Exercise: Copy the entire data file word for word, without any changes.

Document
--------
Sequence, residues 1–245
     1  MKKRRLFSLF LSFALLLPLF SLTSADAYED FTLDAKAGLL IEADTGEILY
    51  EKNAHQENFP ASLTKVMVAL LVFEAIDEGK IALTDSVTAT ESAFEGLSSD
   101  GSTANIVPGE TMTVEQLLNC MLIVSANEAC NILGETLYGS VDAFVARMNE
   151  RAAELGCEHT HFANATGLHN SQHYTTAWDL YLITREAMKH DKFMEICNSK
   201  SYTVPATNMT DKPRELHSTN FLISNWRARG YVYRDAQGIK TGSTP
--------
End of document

Sequence, residues 1–245
     1  MKKRRLFSLF LSFALLLPLF SLTSADAYED FTLDAKAGLL IEADTGEILY
    51  EKNAHQENFP ASLTKVMVAL LVFEAIDEGK IALTDSVTAT ESAFEGLSSD
   101  GSTANIVPGE TMTVEQLLNC MLIVSANEAC NILGETLYGS VDAFVARMNE
   151  RAAELGCEHT HFANATGLHN SQHYTTAWDL YLITREAMKH DKFMEICNSK
   201  SYTVPATNMT DKPRELHSTN FLISNWRARG YVYRDAQGIK TGSTP